Saturday, October 10, 2009

Private charity & social justice


“I recently read Friedmans ‘Capitalism&Freedom’ where he puts forward som good arguments for laissez-faire. He does however agree that alleviation of poverty should be state financed, due to the fact that everyone benefits from the fact that poverty is alleviated. I was wondering if you agree that the state should have some responsibility in these matters? How much in that case and how is it justified, on capitalistic grounds?”

That’s a very broad question, so it’s not simple to answer.

The poor may be poor for a variety of reasons.

1.They may be poor due to institutional poverty. You might have a Marxist regime with economic policies which impoverish the populace.

In a sense, the state could alleviate that problem by changing its policies. But the state is the source of the problem, so short of armed insurrection, we can’t look to the state to solve the problem when the state created the problem.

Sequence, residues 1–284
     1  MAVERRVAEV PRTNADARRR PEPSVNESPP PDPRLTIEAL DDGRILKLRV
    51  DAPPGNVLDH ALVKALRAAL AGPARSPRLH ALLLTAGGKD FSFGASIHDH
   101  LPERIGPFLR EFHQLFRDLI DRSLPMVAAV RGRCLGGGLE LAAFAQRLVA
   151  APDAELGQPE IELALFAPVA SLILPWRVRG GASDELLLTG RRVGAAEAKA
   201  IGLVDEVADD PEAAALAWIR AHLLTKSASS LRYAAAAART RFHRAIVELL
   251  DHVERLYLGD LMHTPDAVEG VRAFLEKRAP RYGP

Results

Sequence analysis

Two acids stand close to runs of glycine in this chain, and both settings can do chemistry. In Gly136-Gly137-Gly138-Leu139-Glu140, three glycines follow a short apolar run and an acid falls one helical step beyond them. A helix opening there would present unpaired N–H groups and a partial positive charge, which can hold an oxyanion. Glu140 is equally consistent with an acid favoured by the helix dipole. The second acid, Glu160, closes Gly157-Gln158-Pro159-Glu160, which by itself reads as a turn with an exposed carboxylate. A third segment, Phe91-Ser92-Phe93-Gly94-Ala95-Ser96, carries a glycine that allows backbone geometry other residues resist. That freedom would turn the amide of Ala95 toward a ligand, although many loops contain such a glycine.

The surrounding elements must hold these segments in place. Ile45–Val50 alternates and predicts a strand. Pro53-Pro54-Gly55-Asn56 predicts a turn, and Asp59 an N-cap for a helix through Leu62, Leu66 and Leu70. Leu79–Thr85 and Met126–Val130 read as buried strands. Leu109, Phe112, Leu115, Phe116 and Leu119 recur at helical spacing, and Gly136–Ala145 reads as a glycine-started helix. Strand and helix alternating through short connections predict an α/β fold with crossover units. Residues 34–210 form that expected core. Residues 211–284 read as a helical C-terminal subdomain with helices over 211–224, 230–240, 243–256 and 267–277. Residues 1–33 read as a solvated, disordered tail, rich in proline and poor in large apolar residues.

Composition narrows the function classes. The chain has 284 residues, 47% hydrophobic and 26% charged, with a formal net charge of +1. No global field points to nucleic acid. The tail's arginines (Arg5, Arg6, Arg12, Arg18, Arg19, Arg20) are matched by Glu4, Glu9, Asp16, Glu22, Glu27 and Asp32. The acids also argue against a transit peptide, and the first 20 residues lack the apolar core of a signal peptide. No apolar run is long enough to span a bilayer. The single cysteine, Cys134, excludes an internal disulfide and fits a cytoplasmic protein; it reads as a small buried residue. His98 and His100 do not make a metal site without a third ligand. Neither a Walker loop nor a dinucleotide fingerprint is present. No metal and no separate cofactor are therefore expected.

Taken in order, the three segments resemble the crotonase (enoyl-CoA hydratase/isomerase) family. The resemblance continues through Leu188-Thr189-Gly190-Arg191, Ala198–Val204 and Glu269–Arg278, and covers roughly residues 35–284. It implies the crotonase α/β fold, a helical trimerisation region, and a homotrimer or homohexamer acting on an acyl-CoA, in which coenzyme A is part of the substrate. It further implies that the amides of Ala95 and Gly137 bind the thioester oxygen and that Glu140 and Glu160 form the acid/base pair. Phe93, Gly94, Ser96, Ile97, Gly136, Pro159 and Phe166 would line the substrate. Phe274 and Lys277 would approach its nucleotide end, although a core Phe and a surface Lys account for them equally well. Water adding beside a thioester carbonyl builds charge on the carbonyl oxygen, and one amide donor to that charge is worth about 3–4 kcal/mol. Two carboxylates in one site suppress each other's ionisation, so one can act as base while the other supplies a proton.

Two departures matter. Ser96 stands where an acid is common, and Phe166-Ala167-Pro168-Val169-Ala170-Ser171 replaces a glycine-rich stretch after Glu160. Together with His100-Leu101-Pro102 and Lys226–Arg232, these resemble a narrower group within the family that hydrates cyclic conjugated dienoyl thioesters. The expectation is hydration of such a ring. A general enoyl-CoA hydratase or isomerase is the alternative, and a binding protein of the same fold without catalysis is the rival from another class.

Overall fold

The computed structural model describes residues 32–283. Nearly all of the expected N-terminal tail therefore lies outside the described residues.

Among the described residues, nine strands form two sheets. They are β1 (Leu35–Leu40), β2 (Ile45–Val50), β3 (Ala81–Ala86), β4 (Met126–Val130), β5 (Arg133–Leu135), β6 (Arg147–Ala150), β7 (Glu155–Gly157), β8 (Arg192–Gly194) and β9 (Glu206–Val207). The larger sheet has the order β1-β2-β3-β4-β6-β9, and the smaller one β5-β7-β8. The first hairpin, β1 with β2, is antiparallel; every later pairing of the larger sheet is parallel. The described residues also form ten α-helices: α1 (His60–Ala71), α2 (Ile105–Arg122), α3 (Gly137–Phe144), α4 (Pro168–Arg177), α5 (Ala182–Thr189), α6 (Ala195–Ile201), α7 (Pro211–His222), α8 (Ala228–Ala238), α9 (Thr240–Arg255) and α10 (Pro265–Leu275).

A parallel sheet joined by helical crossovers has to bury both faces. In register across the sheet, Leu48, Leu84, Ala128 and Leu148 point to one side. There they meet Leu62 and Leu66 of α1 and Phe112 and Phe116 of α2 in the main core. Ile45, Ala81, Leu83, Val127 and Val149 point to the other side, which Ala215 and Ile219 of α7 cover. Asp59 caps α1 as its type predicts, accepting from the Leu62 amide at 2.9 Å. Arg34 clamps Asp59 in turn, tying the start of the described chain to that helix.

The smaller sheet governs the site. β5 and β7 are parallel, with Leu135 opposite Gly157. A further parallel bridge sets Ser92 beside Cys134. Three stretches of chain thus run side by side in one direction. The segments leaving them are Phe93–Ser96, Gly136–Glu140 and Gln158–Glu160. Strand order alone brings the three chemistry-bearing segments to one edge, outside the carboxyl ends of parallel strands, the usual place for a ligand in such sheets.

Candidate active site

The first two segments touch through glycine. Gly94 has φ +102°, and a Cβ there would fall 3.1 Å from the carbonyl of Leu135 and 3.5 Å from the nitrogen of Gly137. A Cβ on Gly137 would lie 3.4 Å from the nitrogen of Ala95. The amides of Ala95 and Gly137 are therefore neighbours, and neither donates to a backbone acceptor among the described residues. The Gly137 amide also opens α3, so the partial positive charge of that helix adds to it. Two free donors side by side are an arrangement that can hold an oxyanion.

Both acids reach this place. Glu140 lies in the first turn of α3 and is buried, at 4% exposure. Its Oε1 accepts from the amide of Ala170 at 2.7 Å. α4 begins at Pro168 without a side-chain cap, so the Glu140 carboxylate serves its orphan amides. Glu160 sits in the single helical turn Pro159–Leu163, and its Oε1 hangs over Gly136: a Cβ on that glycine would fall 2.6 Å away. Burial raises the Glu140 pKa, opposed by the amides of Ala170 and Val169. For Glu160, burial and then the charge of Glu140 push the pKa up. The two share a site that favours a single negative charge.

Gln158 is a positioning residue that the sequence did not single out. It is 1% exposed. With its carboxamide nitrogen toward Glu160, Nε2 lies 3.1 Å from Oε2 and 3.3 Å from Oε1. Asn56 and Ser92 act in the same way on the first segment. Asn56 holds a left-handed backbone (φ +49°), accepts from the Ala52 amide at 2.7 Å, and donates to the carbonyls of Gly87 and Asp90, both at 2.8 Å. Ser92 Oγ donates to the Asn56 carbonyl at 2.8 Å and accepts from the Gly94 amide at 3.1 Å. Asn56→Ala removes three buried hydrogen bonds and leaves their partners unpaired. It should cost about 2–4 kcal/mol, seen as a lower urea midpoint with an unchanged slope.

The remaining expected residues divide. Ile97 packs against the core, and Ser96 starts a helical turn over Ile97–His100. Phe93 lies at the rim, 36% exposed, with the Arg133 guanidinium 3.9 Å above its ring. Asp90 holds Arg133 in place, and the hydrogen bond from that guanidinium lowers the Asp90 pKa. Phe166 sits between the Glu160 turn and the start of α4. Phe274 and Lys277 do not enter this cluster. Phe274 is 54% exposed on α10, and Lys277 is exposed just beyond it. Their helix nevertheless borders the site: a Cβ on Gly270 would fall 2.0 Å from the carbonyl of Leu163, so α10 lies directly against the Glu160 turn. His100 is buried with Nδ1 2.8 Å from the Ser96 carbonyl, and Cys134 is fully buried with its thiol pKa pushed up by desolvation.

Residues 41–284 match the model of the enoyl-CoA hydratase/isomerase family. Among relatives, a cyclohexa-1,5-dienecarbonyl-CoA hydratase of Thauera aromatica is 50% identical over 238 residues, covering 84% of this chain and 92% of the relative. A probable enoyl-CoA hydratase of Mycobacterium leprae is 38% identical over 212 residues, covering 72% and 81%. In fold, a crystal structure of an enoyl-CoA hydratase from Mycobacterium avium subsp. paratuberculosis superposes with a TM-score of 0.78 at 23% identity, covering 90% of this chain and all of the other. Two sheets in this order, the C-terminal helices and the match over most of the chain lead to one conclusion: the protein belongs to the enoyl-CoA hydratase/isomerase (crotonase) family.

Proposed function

Likewise, you might have a banana republic in which drug lords confiscate most of the wealth, and bribe or extort gov’t officials to insure their monopoly.

Since, in that situation, the state is on the take, we can’t look to the state to clean up the mess. It’s like asking a junkie to police the pharmacy.

You can also have well-intentioned social programs that foster a culture of dependency, delinquency, and poverty.

2.Or people may be poor because the area in which they live is too inhospitable to support that population density. Not much the state can do about that.

3.Or people may be poor due to their lifestyle choices. Once again, there’s not much the state can do about that.

4.Apropos (1)-(3), people can be poor through no fault of their own, or bring it on themselves. Take people with preexisting medical conditions.

i) I saw a story about a woman whose mother, grandmother, and three brothers all died from diabetes. She herself has diabetes because she’s morbidly obese.

In that case, she knowingly and willfully engages in self-destructive behavior. I have no obligation to foot the bill for her healthcare. Same thing with chain-smokers who contract lung-cancer.

ii) Then you have coal miners who come down with black lung disease. That’s an occupational hazard, but that was contracted from an honorable effort to provide themselves and their kin. A very different situation than (i). They were trying to do the responsible thing, given their limited opportunities.

At the very least, the company should be required by law to provide worker’s comp.